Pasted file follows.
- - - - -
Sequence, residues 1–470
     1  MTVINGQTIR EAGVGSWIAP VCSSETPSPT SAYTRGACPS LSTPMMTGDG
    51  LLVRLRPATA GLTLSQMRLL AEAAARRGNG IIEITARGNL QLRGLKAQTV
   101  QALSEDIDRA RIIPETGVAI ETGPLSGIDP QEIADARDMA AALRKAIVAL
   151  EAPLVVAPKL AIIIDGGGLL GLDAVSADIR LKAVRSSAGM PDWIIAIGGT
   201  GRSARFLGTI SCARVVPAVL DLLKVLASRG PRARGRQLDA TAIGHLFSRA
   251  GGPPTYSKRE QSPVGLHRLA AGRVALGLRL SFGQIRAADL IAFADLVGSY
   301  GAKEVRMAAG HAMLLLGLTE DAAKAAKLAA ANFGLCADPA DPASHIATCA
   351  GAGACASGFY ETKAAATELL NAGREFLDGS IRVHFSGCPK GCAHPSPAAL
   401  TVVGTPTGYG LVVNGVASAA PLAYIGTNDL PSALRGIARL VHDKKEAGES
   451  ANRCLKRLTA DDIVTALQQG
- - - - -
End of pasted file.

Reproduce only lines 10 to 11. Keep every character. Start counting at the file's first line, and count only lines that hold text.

   401  TVVGTPTGYG LVVNGVASAA PLAYIGTNDL PSALRGIARL VHDKKEAGES
   451  ANRCLKRLTA DDIVTALQQG